It was a blustery February afternoon, but I wanted out. I’d go down to the river to see what I could find.
I threw my waders into the back of my car and headed to Carderock, in Bethesda. A short hike down the Billy Goat Trail I found a likely place and slid down the riverbank, using exposed tree roots as handholds. My boots hit the mud.
A few feet out from shore I plunged my arm into the icy water to grab a large, flat rock. I tipped it up on its end and inspected every nook and cranny. In the summer on such a rock I would find all manner of tiny crawling things, mostly the larval forms of insects. With their multi-spiked tales, armored bodies, and fearsome jaws, they look like monsters in a low-budget horror movie.
Several stones later my hands began to grow numb and I gave up.
Citizen science. I would find my monsters at the nearby Audubon Naturalist Society (ANS) in a class with a fittingly awe-inspiring name: “Benthic Macroinvertebrate Identification.”
The classroom was filled with people of all ages, all eager to learn how these little creatures lived and how to identify them. After the course ends many of the students will go on to collect specimens in streams and record their findings. Different species have different tolerances to pollution, so their presence or absence says something about the quality of the water.
Probably no group of such “citizen scientists” except birdwatchers makes a greater contribution to our knowledge of the environment than these stream monitors. Many schools in the Potomac region and across the country make macroinvertebrates a part of science education. It’s a way to experience nature in the raw and do some real-life data collection.
Bottom dwellers. I leaned over my microscope to examine the tiny creatures while inhaling the alcohol fumes in which they took their last swim.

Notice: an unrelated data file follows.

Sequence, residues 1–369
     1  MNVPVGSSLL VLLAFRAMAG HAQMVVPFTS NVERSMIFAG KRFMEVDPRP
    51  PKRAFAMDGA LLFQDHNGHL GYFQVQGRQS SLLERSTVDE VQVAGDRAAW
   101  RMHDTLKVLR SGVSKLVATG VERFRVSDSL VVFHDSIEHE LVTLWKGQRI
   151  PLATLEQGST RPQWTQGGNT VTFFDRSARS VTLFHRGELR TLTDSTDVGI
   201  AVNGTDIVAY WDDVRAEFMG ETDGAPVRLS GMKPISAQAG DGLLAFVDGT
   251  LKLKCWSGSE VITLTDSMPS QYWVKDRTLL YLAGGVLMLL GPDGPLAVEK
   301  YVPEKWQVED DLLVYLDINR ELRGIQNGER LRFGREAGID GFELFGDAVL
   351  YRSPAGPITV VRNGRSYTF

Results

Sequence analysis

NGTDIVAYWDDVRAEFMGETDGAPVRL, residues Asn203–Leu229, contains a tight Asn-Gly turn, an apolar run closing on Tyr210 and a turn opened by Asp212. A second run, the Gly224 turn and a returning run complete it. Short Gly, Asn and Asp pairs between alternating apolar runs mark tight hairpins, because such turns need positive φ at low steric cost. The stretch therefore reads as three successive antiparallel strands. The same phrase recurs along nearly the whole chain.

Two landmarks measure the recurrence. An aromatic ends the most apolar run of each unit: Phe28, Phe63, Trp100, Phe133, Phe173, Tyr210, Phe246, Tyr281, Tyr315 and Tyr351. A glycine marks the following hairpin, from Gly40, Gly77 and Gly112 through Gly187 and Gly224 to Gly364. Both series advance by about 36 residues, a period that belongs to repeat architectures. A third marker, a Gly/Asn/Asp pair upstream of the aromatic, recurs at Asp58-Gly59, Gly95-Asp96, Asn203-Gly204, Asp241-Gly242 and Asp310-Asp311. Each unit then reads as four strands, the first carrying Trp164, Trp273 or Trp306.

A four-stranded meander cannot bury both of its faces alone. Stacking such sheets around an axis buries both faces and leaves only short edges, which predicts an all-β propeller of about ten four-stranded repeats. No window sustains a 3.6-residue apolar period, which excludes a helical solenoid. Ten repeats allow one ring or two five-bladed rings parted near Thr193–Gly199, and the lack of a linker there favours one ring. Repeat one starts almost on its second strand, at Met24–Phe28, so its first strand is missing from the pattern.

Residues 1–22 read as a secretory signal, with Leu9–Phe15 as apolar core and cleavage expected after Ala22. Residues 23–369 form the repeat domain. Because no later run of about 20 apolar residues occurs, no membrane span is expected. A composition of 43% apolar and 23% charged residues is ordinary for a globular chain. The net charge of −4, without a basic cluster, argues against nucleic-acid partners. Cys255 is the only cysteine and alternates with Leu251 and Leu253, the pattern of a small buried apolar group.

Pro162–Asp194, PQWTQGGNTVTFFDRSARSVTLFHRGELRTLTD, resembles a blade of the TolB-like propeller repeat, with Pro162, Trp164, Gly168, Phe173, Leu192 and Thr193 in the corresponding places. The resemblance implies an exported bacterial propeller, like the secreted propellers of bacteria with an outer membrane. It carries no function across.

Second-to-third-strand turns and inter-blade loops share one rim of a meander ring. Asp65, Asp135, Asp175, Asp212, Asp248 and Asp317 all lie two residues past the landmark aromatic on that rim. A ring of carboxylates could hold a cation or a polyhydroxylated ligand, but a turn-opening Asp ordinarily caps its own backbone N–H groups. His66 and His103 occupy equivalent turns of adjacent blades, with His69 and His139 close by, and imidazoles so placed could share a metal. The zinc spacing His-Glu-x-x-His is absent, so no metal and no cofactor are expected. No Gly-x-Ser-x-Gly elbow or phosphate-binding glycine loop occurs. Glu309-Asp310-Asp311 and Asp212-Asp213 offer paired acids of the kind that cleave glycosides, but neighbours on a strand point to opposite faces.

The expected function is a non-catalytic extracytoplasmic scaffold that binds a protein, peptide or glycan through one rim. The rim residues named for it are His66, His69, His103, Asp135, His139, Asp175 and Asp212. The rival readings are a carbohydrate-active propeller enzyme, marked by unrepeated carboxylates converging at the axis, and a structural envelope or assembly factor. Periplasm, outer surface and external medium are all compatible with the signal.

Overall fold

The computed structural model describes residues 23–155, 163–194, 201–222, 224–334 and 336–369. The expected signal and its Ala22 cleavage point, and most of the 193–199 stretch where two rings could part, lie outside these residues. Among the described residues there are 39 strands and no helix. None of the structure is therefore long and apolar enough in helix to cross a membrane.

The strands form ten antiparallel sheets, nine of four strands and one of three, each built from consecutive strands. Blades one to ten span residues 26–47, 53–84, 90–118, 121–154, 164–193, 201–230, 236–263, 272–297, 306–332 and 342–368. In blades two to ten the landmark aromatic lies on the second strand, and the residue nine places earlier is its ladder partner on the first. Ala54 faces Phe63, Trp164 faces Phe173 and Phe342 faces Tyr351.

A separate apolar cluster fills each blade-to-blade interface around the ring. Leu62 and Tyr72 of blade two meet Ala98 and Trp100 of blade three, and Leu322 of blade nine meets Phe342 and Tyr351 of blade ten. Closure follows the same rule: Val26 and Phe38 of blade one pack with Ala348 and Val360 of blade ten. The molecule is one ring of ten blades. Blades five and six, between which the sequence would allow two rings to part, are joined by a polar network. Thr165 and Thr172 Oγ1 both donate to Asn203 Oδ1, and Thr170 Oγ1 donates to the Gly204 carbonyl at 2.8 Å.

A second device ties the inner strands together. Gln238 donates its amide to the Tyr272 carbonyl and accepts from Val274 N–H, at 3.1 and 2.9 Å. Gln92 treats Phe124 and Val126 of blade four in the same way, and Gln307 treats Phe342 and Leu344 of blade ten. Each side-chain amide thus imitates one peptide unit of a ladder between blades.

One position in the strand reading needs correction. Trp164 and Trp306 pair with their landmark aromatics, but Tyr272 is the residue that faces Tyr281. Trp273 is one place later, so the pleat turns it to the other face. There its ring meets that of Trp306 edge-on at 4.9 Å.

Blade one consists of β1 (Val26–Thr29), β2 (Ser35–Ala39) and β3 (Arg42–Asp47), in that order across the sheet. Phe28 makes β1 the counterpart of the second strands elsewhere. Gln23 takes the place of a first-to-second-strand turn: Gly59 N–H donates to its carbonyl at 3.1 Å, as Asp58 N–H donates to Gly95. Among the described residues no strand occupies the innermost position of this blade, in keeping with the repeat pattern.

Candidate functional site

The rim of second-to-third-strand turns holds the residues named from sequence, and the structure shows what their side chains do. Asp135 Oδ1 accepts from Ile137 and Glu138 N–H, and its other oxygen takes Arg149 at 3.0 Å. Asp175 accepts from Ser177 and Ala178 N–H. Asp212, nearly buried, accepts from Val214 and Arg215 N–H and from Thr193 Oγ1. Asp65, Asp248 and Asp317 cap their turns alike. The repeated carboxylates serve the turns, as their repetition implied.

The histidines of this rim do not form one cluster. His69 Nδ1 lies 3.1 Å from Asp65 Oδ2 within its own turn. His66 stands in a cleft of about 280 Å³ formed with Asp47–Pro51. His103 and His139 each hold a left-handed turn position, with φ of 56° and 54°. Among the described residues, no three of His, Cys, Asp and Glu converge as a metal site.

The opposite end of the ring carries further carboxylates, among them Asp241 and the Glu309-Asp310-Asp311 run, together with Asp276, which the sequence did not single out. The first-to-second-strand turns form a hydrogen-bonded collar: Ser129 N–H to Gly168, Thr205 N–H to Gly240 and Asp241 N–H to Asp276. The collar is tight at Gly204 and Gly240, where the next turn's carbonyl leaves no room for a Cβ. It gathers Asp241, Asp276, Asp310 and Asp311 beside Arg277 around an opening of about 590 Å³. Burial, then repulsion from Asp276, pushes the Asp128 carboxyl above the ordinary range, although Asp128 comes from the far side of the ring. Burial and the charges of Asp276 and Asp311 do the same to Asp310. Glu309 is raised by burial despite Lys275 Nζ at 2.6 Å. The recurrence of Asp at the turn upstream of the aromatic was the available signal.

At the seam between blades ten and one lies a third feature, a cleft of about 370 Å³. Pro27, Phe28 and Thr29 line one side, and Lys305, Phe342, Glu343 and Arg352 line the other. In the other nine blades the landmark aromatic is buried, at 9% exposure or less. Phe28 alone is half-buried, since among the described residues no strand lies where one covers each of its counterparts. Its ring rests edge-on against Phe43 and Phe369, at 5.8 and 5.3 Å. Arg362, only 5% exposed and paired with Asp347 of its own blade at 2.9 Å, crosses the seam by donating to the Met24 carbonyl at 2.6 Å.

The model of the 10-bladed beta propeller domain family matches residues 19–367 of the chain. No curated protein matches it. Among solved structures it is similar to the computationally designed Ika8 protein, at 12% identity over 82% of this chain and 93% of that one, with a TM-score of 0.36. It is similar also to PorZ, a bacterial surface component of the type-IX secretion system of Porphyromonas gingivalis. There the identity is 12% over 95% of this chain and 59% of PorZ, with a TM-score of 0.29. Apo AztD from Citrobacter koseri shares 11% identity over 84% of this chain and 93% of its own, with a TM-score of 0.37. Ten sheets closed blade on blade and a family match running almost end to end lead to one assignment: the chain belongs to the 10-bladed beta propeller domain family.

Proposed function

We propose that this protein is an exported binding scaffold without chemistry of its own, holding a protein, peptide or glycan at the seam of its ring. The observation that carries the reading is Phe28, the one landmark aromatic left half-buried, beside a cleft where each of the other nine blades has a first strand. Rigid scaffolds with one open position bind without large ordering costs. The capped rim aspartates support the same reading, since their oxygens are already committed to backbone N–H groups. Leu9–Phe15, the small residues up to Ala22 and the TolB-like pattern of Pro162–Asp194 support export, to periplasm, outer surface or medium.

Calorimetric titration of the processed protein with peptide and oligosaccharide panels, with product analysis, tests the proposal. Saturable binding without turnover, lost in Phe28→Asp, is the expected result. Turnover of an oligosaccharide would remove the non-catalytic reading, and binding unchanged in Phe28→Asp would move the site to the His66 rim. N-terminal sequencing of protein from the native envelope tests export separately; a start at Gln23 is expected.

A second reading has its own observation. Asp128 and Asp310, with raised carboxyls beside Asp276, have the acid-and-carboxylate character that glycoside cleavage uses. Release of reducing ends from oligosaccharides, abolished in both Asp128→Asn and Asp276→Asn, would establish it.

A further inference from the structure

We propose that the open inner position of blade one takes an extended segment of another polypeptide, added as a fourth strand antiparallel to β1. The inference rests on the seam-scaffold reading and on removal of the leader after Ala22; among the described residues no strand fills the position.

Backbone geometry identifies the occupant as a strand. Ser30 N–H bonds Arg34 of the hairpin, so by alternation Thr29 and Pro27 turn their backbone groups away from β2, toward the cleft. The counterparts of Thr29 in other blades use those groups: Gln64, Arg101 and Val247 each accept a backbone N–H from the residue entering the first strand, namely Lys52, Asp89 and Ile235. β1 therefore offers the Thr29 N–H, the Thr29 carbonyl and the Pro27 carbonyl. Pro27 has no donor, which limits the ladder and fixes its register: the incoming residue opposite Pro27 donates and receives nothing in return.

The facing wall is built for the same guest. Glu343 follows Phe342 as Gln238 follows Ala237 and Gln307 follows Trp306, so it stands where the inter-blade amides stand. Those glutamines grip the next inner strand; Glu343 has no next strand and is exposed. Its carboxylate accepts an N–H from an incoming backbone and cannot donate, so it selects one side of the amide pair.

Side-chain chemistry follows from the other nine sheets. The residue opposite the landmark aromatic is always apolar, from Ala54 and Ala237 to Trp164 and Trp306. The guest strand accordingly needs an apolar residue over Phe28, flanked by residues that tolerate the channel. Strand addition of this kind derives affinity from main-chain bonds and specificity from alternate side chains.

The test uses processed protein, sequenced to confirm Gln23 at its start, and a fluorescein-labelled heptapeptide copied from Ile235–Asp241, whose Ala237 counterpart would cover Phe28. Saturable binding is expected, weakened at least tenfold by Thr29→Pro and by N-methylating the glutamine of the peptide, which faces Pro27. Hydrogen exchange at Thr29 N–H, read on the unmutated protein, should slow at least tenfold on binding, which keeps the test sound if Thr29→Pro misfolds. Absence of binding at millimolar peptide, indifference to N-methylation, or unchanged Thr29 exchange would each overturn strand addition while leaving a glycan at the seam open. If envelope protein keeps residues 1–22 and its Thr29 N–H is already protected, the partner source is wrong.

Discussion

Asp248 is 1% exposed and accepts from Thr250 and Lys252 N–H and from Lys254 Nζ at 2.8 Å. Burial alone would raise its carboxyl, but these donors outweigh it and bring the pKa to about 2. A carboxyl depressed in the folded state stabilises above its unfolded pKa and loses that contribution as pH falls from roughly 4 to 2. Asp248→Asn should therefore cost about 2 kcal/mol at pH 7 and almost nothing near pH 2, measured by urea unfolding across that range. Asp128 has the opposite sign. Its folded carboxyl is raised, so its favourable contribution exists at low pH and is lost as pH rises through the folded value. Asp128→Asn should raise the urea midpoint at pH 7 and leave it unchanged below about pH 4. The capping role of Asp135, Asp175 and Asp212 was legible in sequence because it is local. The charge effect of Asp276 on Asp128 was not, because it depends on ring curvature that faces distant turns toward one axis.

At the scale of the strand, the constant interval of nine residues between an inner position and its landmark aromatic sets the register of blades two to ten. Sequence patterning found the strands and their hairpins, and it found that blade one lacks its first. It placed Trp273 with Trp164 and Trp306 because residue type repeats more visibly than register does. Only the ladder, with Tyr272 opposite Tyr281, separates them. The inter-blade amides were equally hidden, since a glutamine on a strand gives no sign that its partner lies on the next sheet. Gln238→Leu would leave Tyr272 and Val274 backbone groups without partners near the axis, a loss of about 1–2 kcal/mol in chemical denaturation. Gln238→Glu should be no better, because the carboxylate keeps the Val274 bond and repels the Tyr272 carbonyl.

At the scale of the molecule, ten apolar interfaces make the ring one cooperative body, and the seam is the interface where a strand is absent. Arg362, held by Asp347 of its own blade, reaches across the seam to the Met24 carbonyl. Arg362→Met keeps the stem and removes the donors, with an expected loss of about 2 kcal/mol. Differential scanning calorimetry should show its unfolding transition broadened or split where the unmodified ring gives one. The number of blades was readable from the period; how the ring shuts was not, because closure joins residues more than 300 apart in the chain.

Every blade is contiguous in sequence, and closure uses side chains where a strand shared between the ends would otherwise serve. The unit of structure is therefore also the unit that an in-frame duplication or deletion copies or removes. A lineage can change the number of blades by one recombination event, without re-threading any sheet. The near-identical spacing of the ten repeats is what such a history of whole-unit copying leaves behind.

Cathy Wiss, ANS Water Quality Monitoring Program Coordinator, dissected the name of the course. The term “macro,” means anything you can see with a naked eye. “Invertebrate” refers to anything without a backbone, in this case, mostly insect larvae. The initial word in the course name was “benthic.” It simply means that these particular insect larvae live on the bottom of our rivers and streams, under rocks, in the mud, or hidden among the roots of weeds.
Conducting the class this week was ANS stream monitor Gretchen Schwartz. Her subject was one particular group of macroinvertebrates called Trichoptera, the caddis flies.
Enlarged by the lens, many of them looked a little like tiny, elongated shrimp with curved bodies and six legs poking out of their thorax. But actually they are most closely related to moths and butterflies. They live their larval lives in the water. After they hatch into flying adults they live on nectar, at least for the few days until they mate and lay their eggs. Then they die.
Nets of silk. Schwartz told us other things about Trichoptera that once again showed nature’s infinite variety and inexhaustible ingenuity.
Different species make their living in different ways. Some scrape algae off of rocks. Others shred up leaves and eat them. Aggressive predators seize and consume other macroinvertebrates.
Some species even make silk to fashion delicate nets. Some set the nets on the stream bottom to catch any edibles coming their way. Others use silk strands as kind of lifeline to hold them to the bottom in fast currents.
Still other Trichoptera species use this same silk to make dwellings, wrapping it around grains of sand and then tying grains together to form a tube that they wear as a kind of a flour sack. Some enthusiasts give colored grains to captive Trichoptera. The insects use them to make their tubes, which people fashion into earrings. It could be a conversation starter or stopper, depending on the company.
Beyond useful and clever, these macrointertebrates are also extremely important. They and countless billions of other tiny creatures are what renowned Harvard biologist E.O. Wilson calls “the little creepy-crawlies that run the earth.” If Pandas or elephants—or us—suddenly disappeared, life on earth would pretty much go on. But remove bees and ants—and benthic macroinvertebrates—and our ecosystems would collapse in a hurry.